Changing Faces – Themes

Leading on from the heading I created (shown in my previous post) I decided it could be the basis for my theme. I need imagery to illustrate the contents of the article or at least, suggest and compliment the article’s content. The heading has been instrumental in my decision making since I made it. It’s also the case that I really liked it and didn’t want to have to change it to fit with a different theme.

I realized that despite my use of ink in water to achieve the effect. It looked rather like oily curling smoke like that of a candle. I felt that a candle would be a good metaphor for the issue of diminishing natural resources in the world. A candle is a made object that gives off heat and light which people need, but it is a finite resource. Once the candle burns down to a bass, the fire runs out of fuel and suddenly all is dark.

I pondered for a while around the choice of illustration versus photography. I finally came to the decision to use photography based on the simple logic that the article has a very serious tone. It describes a dilemma we face and the possible consequences of not acting. It also seems to scold humanity in general for our lack of foresight. In my mind, illustration is more lighthearted than photography. This is not a rule, but my drawing style is generally quite light and airy and I feel like the most powerful way of sending a message when it has so much importance is photography. It captures people’s imagination and will always be more detailed and stunning.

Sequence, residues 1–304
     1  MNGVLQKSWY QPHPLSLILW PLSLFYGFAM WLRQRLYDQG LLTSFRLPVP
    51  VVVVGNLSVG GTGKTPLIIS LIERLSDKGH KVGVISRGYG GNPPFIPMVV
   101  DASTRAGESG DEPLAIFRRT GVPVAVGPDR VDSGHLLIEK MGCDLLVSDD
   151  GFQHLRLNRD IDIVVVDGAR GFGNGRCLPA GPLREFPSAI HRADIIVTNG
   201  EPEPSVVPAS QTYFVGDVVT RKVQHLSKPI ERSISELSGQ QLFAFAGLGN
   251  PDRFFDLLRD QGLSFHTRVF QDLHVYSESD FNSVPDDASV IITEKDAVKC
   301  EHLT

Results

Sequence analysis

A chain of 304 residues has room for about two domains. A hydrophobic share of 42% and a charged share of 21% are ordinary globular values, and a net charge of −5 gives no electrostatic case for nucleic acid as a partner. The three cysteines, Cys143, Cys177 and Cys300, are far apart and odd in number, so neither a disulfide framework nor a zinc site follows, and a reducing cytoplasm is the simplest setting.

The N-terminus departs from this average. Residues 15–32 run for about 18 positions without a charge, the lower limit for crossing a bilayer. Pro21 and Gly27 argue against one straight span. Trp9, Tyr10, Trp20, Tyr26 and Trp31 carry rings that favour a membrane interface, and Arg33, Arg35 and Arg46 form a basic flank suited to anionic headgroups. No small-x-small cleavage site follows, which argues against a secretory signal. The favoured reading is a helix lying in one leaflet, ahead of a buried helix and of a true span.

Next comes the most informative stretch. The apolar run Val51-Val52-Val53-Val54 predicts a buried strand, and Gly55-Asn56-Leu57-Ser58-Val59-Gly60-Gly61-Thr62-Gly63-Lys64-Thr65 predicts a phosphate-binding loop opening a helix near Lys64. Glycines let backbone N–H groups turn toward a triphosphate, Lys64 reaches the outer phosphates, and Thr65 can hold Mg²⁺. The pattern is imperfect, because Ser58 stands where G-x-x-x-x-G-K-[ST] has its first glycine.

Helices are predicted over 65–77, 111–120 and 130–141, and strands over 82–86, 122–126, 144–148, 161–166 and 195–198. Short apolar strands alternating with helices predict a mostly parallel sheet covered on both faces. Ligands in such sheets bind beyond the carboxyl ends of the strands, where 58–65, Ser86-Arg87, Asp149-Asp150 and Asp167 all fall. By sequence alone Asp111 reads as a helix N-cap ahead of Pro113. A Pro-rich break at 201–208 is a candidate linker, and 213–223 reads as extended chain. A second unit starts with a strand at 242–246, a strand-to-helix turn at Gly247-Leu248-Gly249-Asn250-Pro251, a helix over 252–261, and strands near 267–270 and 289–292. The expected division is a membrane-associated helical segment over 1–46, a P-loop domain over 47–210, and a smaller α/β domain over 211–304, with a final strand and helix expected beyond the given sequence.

I went out and bought different colored candles to experiment with. I also borrowed a DSLR from the studio. I wanted my images to be as crisp and high definition as possible. My experiments with my camera phone were shoddy at best. This was largely down to the low light and high contrast of the images. The idea was a light in the darkness.

Here are a few examples of my images. They were all taken in the bathroom of my halls. It was the only place I had where I could block out all other light. It wasn’t pretty. I was kneeling with my arm over bucket to catch the dripping wax with the candle burning one hand while I took the pictures with the other. I was really happy, however, with the outcome. I took over 60 photographs in total and selected 12 of the best to create my piece with.

Once I had selected the 12 final images I had to work out what to do with them. Despite my effort to block out other light, an unintended consequence of the tiny room I was in, was the single candle lit the place with orange light. As the candle burnt down, the background of each image became progressively darker. I really liked the flow this created between the images so I combined them.

Candle layered Flattened

Here is the result. I could not be happier with it. The steady transition really tells the story I was aiming to get. I really wasn’t expecting much from my attempts given the slightly weird lengths I had to go to achieve them, but it turned out great. The last image in the series was particularly difficult. I actually had to do a little Photoshop bodging as the candle I had bought just would not die down. It was still blazing, so I took the second to last image (bottom left) and adjusted it.

At this point I wandered if there was anything more I could do. I decided to try out playing with the coloration. The image is fine like this. But I wanted to maintain a consistent color scheme throughout my spreads.

Candle layered cyan

Here’s what I eventually came up with. I was absolutely thrilled with the result. I simply removed the natural color and introduced a deep cyan tint as well as fiddling with the contrast. It seems to give a richer feel to the image the light is softer but the effect of the change in light from start to end is even more profound.


Author: David Rothwell

I am a Graphic Communication student at Cardiff Metropolitan School of Art and Design If you like any of my work, have feedback (good or bad) or would like to get in touch, please do

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